Specifying rules is complicated because there is no usable standard for what a device reports when detected — every one may report differently.  Also there is no standard for kernel module developers as to what to name devices.  These things just grew over time as different developers had different ideas.  (It’s also complex because the udev syntax is just plain ugly!)

An SA should be able to get new hardware working; this may mean editing udev rules.

A udev rule contains a list of “match” keys and “action” keys.  Match keys are of the form name==value and are used to identify a device depending on what is reported for it.  All the match keys of a rule must be true for the rule to match.  The match keys try to match the rule to the device, according to the information in the kernel event message and the sysfs data for the device (identified by the event message).

Examples of match keys include:  KERNEL==subsystem (the subsystem of the kernel that controls the device, such as block), DRIVER==type, and ATTRS==value (match one or more sysfs listed device attributes).

The match rules can use pattern matching, and the matching values are put into variables you can refer to in the action keys.

Action keys are of the form name=value (or name+=value if name is a list) and are used: to name the /dev entry, to set the owner, group, and permission, to define additional symlinks, and to define a list of programs (scripts) to run.  A common action is to send a message to HAL about the new hardware, but could be any command or program (such as a shell script that mounts a new USB disk someplace).  Note several environment variables are set by udev before calling any program, to provide additional information to the program.  See udev(7) for a complete list of match and action keys.

Here’s an example rule:

KERNEL=="tty[0-9]", GROUP="tty", MODE="0660", OPTIONS="last_rule"

(Notice the OPTIONS key that says last_rule.  This means if this rule matches, don’t look for any other rules.)

Writing rules for udev is an usually not needed; the default rules work well.  You should be able to plug in a device and the a relevant node (e.g. /dev/sda for a mass-storage device) will be there, just like in previous /dev implementations.  [ The following is from: ]

But it may be useful to create new rules.  Suppose you have two USB printers.  When one is plugged in it gets named as /dev/lp0.  A more convenient name might be /dev/printer.  By editing the correct rule you can pick your device names (or let it name the device normally, but add a symlink with a nicer name).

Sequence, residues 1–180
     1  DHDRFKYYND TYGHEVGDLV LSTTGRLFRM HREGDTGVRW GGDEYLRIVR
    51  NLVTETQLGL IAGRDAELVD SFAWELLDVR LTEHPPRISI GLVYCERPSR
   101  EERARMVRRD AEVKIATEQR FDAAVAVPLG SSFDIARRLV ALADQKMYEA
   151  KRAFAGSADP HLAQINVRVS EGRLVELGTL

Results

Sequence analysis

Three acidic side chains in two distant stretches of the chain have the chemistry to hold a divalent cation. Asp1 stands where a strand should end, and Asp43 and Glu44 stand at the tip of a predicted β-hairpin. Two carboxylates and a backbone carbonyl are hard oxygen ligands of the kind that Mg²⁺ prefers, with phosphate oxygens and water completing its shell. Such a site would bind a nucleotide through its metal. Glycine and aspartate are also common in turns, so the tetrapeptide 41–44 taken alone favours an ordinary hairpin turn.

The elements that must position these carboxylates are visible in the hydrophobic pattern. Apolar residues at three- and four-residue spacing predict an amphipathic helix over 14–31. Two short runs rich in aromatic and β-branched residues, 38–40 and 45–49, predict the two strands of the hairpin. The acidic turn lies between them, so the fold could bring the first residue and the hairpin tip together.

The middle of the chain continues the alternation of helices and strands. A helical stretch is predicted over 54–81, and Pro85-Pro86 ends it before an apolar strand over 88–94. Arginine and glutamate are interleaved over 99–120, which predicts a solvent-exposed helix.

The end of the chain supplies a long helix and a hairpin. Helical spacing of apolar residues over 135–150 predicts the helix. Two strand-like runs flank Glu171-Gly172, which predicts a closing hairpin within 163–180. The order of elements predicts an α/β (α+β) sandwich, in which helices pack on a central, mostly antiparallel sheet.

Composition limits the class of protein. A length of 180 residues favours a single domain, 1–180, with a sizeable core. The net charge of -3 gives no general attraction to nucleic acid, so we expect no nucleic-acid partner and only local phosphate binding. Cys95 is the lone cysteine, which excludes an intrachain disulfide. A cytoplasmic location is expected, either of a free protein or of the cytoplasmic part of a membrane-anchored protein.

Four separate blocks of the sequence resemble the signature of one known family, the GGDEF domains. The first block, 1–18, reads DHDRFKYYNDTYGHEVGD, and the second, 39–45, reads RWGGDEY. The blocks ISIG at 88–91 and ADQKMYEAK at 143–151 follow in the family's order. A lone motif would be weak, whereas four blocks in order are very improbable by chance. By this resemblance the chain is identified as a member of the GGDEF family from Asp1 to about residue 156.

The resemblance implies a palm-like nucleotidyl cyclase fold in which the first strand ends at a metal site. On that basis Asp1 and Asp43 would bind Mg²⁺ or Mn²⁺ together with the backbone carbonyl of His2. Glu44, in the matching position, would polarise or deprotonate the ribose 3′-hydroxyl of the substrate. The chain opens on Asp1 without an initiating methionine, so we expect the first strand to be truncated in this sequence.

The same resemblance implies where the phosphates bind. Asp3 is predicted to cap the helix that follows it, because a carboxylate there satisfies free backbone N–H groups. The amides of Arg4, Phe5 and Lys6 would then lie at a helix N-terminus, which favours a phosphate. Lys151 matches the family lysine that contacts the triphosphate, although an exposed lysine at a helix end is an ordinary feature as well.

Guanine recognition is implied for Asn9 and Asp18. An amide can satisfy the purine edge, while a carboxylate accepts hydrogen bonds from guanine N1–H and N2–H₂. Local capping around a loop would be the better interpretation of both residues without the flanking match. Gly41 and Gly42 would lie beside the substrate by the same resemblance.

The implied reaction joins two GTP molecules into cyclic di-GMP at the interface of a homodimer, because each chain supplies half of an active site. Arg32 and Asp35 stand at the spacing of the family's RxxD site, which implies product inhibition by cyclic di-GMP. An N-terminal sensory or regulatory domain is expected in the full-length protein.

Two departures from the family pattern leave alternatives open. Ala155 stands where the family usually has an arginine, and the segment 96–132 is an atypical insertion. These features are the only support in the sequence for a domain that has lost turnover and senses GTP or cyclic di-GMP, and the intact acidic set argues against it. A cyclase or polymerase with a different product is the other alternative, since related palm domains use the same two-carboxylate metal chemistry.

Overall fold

Case Study:  Sierra wireless 3G PCMCIA card

To get a cellular Internet connection you have to run “ifup ppp0” each time the card is inserted.  You can configure udev to automate the process. by default when the card was detected, it created a series of /dev/ttyUSB devices from 0 through 5.  To have a udev rule run the ifup command, you need to determine a unique product ID for the device.

You can determine the information if you know the device path (under /sys).  this can be done with:

       # udevinfo -q path -n /dev/ttyUSB0

You can then use udefinfo to display the information for that device:

# udevinfo -a -p $(udevinfo -q path -n /dev/ttyUSB0)

If you examine the output you’ll discover an idProduct key that was set to 6880 and seemed unique for this type of card.  You can use this to write the new udev rules, in the file .../rules.d/95-sierra.rules:

KERNELS=="5‑1", ATTRS{idProduct}=="6880", ENV{ACTION}=="add",
 RUN+="/sbin/ifup ppp0"

KERNELS=="5‑1", ATTRS{idProduct}=="6880", ENV{ACTION}=="remove",
 RUN+="/sbin/ifdown ppp0"

Persistent Naming

It’s not only a convenience, it’s a solution for persistent naming.  Suppose you have two printers: a HP laser printer and an Epson inkjet. When they are both plugged in and on, I have /dev/lp0 and /dev/lp1.  Which node refers to which printer?  There is no easy way to tell.  The first printer that got connected was assigned name “lp0” and the second “lp1”, but they might have been plugged in for days (or plugged in at boot time).  Not having consistent names would mess up scripts that always expect the HP laser printer to be lp1.

However, if the HP laser printer got named lp_hp (as well as lpX) and the other printer got named lp_epson (as well as lpY), then scripts could just refer to those names.  Udev can control this and ensure that these persistent names always point to the device that you intended.

For external mass-storage devices (e.g. USB hard disks), persistent naming is very helpful in that it allows you to hardcode accurate device paths into /etc/fstab, or have the desktop icon say “Sans mini 8GB” instead of “Flash” or “sdb1”.

If you need to write a rule (e.g., to automate mounting of a USB device) there are some decent tutorials on the Internet such as at

Step 1:  Gather information to write your udev rule.  Start udevmonitor (to see the uevent details), then plug in your USB drive.  You can also look at tail ‑f /var/log/messages or at dmesg output, or lshal or hal‑device-manager (GUI).

You can observe the uevents passed between the kernel and udevd with udevmonitor.

See what information is reported that you can use to identify this device.  If you want to be real specific use the manufacturer’s name and the device’s serial number.  For example using dmesg after inserting my USB stick/flash/pen drive (interesting information is in boldface):

# dmesg